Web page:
Your mom seems to be a very important support system for you. Did you grow up in a single-parent household?
Yeah, it was me, my mom and my sister.
Do you mind speaking about your dad?
It’s cool. We’re cool now. We have a slight relationship. I hit him up when I hit him up. My dad is the type, if he could’ve been a star, he would’ve been. He wanted to be somebody. When I came out [on "The X Factor"] he was so excited. Even though he wasn’t always there like he should’ve been, if someone’s talkin’ about your child, you know, you get excited. He’s tellin’ everybody, “Watch him on ‘The X Factor.’” Even my grandmother. I talk about my grandmother all the time. She was kinda away a lot. I never really had a real relationship with my grandmother. Now she wants to call me and stuff. I think it was just the relationship her and my mom had. I try to stay positive always.
I want to ask you one thing about “The X Factor” that caused you to get some backlash. The moment when you and Rachel Crow went up against each other. How did you handle when people attacked you on Twitter because she was eliminated and you were saved?
That was crazy. The lashing I got, America, man they rude. Calling me all types of names like monkey and some more stuff. It got bad. It got real bad. Honestly, I’m always just a positive person. I try to stay away from the negative. Even with that situation, I was super shocked. I thought I was going home. When it’s your time, it’s your time. At that moment, I knew it was my time. I still keep in contact with Rachel. Melanie [Amaro] is signed to Epic. So is Chris Rene and Astro. We definitely try to keep it tight.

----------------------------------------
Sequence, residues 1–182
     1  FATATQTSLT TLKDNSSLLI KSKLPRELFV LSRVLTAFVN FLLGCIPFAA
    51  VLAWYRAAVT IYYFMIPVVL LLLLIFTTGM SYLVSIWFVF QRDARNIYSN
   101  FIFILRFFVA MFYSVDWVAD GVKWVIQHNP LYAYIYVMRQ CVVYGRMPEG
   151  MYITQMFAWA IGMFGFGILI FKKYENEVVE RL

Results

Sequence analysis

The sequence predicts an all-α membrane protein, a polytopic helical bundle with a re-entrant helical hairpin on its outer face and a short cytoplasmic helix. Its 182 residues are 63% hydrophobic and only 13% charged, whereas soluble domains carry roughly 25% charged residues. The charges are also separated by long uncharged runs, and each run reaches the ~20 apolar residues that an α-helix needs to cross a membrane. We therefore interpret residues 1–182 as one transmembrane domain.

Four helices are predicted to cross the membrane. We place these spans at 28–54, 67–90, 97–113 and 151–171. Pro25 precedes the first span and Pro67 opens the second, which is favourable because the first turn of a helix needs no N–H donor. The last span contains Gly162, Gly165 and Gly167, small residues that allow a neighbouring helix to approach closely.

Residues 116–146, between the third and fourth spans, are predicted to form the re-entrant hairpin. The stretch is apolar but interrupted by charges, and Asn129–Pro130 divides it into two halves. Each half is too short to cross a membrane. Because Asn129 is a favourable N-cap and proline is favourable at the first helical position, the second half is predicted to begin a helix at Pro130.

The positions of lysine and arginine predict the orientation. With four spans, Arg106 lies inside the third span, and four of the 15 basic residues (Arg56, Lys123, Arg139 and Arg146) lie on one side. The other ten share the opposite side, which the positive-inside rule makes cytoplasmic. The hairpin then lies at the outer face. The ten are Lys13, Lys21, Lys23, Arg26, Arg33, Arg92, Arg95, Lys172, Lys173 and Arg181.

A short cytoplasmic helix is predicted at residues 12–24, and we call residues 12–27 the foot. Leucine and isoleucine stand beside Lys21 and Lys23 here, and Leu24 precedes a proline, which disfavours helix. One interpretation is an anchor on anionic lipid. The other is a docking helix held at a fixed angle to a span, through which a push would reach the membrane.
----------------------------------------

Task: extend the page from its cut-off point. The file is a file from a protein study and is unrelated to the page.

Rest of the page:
What is your goal with this album when it does drop?
God blessed me with a gift and a talent. I want to take people on a journey when they hear my music. If I’m singing a love song, I want you to feel like I’m singing to you. If I’m singing about a relationship, I want you to be like, “Man, I go through that.” That’s why I appreciate the Mary J. Blige‘s of the world, who sing about stuff that people can relate to. Women love feeling special. That’s why I don’t disrespect Trey Songz because that’s him [his lane of music]. He’s a great artist. He’s been putting out great music. A lady needs to be treated as a lady. I think chivalry is not dead, you better believe it.